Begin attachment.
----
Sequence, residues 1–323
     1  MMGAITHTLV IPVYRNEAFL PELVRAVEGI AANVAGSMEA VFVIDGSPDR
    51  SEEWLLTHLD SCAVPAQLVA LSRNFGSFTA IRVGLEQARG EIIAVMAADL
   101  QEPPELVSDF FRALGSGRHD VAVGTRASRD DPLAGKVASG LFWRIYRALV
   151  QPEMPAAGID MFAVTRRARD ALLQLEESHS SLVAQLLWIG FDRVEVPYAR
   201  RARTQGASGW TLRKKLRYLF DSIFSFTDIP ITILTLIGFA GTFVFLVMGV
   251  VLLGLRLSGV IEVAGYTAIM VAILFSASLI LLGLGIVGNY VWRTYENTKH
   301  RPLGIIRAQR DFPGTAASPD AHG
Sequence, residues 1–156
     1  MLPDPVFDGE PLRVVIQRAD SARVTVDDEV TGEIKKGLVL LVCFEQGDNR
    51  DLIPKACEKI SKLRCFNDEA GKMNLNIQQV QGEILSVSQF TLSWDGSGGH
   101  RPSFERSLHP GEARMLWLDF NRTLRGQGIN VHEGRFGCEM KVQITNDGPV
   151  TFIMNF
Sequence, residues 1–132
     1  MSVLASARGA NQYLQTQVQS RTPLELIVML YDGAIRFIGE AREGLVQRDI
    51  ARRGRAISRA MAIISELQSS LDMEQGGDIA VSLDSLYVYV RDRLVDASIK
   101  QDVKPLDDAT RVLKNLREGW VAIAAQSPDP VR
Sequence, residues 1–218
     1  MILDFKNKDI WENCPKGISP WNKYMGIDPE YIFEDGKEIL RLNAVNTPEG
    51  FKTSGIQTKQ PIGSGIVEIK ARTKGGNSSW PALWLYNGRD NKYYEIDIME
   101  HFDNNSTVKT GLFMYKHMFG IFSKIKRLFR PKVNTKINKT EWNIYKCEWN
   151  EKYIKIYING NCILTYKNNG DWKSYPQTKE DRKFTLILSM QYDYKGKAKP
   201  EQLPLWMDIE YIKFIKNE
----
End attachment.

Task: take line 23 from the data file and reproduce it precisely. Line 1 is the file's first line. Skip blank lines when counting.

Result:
   201  EQLPLWMDIE YIKFIKNE